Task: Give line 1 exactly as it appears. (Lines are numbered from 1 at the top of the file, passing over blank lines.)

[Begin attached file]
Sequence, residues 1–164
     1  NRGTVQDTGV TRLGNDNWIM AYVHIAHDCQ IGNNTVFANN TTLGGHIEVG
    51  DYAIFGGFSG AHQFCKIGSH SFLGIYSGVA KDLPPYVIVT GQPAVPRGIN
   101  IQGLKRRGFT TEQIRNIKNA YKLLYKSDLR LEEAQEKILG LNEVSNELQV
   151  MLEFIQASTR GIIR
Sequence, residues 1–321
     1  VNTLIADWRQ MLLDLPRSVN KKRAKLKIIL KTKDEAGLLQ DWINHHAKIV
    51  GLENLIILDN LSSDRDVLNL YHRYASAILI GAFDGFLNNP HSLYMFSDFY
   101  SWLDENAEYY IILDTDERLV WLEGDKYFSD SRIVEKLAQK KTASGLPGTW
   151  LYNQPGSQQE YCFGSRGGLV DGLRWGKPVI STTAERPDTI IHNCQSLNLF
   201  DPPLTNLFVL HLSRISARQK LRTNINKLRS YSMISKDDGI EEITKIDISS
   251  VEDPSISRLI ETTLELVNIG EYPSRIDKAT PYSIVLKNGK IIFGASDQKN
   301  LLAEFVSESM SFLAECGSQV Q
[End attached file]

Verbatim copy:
Sequence, residues 1–164